Cash rewards offered to save sea turtles
NATIONAL PARKS on the Andaman coast are offering cash rewards to those who discover sea turtle nests and notify park officers in an attempt to protect the endangered species from extinction.
Marine National Park Operation Centre 2 at Phuket announced earlier this week it would offer a cash reward of up to Bt20,000 to anyone who finds new turtle nests on the beaches of Phuket and Phang Nga in order to ensure that the turtle eggs will not be smuggled and sold in the black market and to ensure that the rare, newborn sea turtles will have a higher survival rate.
Sea turtles’ nesting season on the Andaman coast off southern Thailand is between November and March every year. The national park authority has been encouraging people to help the park officers conserve sea turtles by finding turtle nests. People who find leatherback turtle’s nest will be granted a Bt20,000 reward, while the prize for finding the nest of other marine turtle species is Bt10,000.
Marine National Park Operation Centre 2 also pointed out that those who discover the turtle nests must inform the park officers to safely retrieve the turtle eggs immediately and they must not retrieve the turtle eggs themselves, because not only is it against the law but also improper transportation of turtle eggs may hamper its hatching.
Phang Nga’s Khao Lampi-Hat Thai Mueang National Park chief Mongkol Lieuwiriyakul said the sea turtle conservation measure to reward people who help the park officers identify and safely retrieve turtle eggs is not new. The park has followed this policy for many years, but this nesting season is the first time that the campaign has been widely publicised and such a high reward offered.
Mongkol said the retrieved eggs will be relocated to a safe location and when the eggs are hatched, the park officers will look after the hatchlings until they are strong enough before returning them to the sea in order to increase their survival rate.
“Due to the lack of an advertising campaign, we did not get much collaboration from the public. Giving the people who find the turtle nests just a few thousand baht is not compelling enough, because they can sell turtle eggs in the black market at a far higher price,” he said.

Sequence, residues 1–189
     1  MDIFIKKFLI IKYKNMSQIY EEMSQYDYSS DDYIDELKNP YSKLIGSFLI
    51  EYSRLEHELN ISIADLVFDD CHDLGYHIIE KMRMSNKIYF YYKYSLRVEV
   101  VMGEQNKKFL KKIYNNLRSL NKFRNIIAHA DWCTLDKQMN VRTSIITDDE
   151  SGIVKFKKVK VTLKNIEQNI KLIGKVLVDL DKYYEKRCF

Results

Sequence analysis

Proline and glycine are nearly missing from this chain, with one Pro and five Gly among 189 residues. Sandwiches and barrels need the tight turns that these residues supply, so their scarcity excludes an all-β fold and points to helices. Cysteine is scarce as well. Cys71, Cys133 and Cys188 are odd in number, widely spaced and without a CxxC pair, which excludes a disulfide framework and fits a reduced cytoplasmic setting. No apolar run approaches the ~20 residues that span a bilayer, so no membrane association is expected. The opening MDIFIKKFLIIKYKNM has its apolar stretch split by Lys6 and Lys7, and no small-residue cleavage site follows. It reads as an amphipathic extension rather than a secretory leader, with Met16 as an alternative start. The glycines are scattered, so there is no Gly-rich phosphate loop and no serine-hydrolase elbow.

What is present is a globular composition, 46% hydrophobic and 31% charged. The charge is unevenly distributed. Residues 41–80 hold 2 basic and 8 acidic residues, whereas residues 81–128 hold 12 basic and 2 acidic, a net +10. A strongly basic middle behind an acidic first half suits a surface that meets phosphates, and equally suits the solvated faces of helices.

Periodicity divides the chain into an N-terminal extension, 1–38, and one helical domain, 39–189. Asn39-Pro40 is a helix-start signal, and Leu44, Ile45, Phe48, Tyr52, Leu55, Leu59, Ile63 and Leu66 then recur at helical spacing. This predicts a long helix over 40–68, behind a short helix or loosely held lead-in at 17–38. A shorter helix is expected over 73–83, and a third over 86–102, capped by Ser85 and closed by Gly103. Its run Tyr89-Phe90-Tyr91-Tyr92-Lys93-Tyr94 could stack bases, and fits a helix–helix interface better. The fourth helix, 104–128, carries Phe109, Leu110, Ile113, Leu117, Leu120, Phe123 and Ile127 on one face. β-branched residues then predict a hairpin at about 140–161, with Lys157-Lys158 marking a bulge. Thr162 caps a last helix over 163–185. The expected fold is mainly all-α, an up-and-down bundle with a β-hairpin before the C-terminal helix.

It was also revealed that the price of turtle eggs in the black market was as high as Bt300 per egg.
“This is why this year we decided to increase the financial reward and widely advertised the campaign both in local and social media,” Mongkol added.
People in the coastal areas of Southeast Asia have a long tradition of hunting sea turtles for meat and consuming turtle eggs, as in the past the turtle population was abundant and turtle eggs could be commonly found.
However, this tradition has led to a large drop in the sea-turtle population and critically endangered the survival of many turtle species, especially the leatherback turtle. Authorities have registered all species of sea turtles in Thailand as conserved animals and the poaching or collecting of turtle eggs are now illegal. Even though sea turtles are conserved by law in Thailand, their number has reduced even further.
The Marine National Park Operation Centre 2 disclosed that this year alone, more than 25 sea turtles were found dead on the northern Andaman coast, due to the problems of plastic pollution in the sea, illegal fishing and turtle eggs smuggling.
Mongkol informed that the long and quiet beaches from Thai Mueang Beach in Phang Nga to Mai Khao Beach in Phuket are among the most prominent nesting grounds for sea turtles in Thailand, so many turtle nests could easily be found at these beaches in the past.
But as the number of sea turtles continues to drop, even in the major nesting grounds inside Khao Lampi-Hat Thai Mueang National Park, the turtle nests have become rare. The leatherback turtle’s nest has not been sighted in this park for four years, he said.
He added that with more progressive measures on advertising the campaign, he hoped more people would help the park officers in monitoring the new turtle nests and enhance the efficiency of sea-turtle conservation.